Motorola suit causes Apple to shut down iCloud push email services in Germany

Feb 24, 2012
Tech

The latest casualty in the war between Apple and Motorola: email. Well, kind of. A preliminary injunction in a patent dispute case in Germany has caused Apple to shut down push email services for its iCloud software in iOS 5, PCWorld reports. That means that instead of getting email notifications as the emails are “pushed” […]

The latest casualty in the war between Apple and Motorola: email. Well, kind of.

A preliminary injunction in a patent dispute case in Germany has caused Apple to shut down push email services for its iCloud software in iOS 5, PCWorld reports. That means that instead of getting email notifications as the emails are “pushed” from Apple’s servers, users will either have to open their apps to cause them to search for new mail, or set the apps to download new messages at regular intervals. Apple has said its email services will still work in the country, however.

The injunction also has some effect on iCloud and MobileMe. Apple’s iCloud service will continue to push updates to users calendars and contact information, but MobileMe pushing for those services is disabled, as well. And MobileMe users who check their mail in Germany, where push will be disabled when they open the app, will still have push functionality disabled after they leave the country, Apple said.

The injunction isn’t permanent, but rather reflects a ruling by a German court that has the service disabled until a ruling can be issued as to whether Apple’s service infringes on Motorola’s patents. The patent in question, however, isn’t one for smartphones or even phones in the 3G era – it’s for updating pagers, as patent activist Florian Mueller notes on his blog, FOSS Patents. That might make it harder to fight, since it doesn’t fall under the fair, reasonable and non-discriminatory (FRAND) licensing rules in Europe. Those rules say that companies that hold patents over essential 3G technology can’t discriminate in choosing the companies to which they license it; they don’t apply in this case.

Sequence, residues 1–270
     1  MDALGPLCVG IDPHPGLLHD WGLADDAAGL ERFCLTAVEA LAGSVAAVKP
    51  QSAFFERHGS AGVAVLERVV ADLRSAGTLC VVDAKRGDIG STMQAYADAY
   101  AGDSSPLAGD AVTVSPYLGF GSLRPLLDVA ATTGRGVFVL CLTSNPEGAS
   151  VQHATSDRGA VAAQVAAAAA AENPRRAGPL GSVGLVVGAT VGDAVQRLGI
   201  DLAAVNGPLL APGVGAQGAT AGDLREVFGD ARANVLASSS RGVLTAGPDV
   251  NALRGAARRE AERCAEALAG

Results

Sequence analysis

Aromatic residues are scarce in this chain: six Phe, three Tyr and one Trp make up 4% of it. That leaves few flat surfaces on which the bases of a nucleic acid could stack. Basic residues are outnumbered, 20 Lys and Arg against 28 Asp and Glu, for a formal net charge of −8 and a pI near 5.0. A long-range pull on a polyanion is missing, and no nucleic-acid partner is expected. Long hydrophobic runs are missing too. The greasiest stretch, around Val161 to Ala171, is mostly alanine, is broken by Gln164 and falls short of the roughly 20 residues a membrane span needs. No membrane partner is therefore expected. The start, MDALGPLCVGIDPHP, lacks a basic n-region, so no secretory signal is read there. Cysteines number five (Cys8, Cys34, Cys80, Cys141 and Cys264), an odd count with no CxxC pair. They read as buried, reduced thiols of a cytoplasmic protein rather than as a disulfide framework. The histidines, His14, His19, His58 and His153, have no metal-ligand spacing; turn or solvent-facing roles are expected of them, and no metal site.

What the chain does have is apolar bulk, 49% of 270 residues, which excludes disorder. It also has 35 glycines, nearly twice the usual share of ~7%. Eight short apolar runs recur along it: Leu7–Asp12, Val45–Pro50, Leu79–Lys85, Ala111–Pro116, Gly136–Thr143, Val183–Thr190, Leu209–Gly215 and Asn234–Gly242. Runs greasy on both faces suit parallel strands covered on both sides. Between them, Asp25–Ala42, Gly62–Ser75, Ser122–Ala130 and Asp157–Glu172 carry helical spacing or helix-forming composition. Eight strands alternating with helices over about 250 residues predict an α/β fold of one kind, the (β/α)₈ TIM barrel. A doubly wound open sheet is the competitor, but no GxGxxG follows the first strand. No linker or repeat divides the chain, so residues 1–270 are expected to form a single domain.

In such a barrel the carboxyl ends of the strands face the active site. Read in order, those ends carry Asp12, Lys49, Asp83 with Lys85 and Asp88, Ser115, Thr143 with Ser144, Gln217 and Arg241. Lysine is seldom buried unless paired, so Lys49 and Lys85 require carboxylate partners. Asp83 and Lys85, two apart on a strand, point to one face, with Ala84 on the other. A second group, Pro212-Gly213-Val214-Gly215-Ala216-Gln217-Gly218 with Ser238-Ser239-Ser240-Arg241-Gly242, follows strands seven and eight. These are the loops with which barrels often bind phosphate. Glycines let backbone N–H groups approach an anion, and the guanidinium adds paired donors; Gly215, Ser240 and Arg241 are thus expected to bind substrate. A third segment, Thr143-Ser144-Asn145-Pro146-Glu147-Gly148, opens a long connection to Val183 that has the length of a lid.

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Apple is appealing the injunction though, arguing that the patent is invalid. It’s also fighting back with patent suits of its own, claiming that Motorola is infringing on its “slide to unlock” patent.

The spooky thing about the case is that it’s not an entire device that’s getting banned in a country, like what happened with the Samsung Galaxy Tab 10.1 when Apple and Samsung were squaring off last year in Germany. Instead, a single feature has been banned. As Mueller writes, we’ll likely be seeing more of these highly specific patent battles in the future as tech companies continue to take each other to court. That could make for a strange, shifting smartphone experience in the future, if things continue the way they seem to be going.

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Phil Hornshaw

Phil Hornshaw is a freelance writer, editor and author living in Los Angeles, dividing his time between playing video games, playing video games on his cell phone, and writing about playing video games. He’s also the co-author of So You Created a Wormhole: The Time Traveler’s Guide to Time Travel, which attempts to mix time travel pop culture with some semblance of science, as well as tips on the appropriate means of riding dinosaurs. Check out his profile.

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